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In a new must-read explainer, Washington Post’s Philip Bump reveals that many of the undocumented immigrants targeted by this weekend’s raids may be deported without having received due process, despite claims from the Trump administration that they have.
Bump cites a recent report from Syracuse University’s TRAC program, “which analyzes immigration-related data including the outcomes of hearings for family groups included in the expedited process. Of those with legal representation, 99.9 percent attended their initial hearings. Among those without legal representation, that figure fell to 81.6 percent. Those who don’t attend a hearing are flagged for deportation.” But currently, there is no legal requirement to provide notice of these hearings to the undocumented immigrants.
As Bump notes:
The deportation orders include people who missed court hearings — that they may not have known about.
Some of those slated for deportation have been targeted for not having attended required court hearings. In some cases, though, the immigrants may not have known they were supposed to.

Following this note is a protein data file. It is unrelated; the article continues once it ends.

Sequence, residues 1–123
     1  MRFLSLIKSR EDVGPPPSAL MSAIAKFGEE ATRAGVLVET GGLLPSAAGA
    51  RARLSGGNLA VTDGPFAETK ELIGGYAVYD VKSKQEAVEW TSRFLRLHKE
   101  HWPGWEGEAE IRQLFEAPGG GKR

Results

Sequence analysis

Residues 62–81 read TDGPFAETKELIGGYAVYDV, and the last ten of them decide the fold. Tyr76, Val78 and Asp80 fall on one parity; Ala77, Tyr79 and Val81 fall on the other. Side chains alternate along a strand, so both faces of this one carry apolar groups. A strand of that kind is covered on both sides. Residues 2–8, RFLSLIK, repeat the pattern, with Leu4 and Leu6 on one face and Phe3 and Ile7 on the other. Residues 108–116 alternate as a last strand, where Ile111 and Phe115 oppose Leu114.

That those targeted in these raids were part of the expedited process introduced last year is important. David Leopold, an immigration attorney who served as general counsel for the American Immigration Lawyers Association, explained why in an email to The Washington Post:
“Of the group of immigrants with deportation orders there are serious due process concerns because they either didn’t get notice of the hearings or the hearings were held in absentia or were not held at all,” Leopold wrote. In other words, many of them “did not have their day in court.”
The entire piece is available here.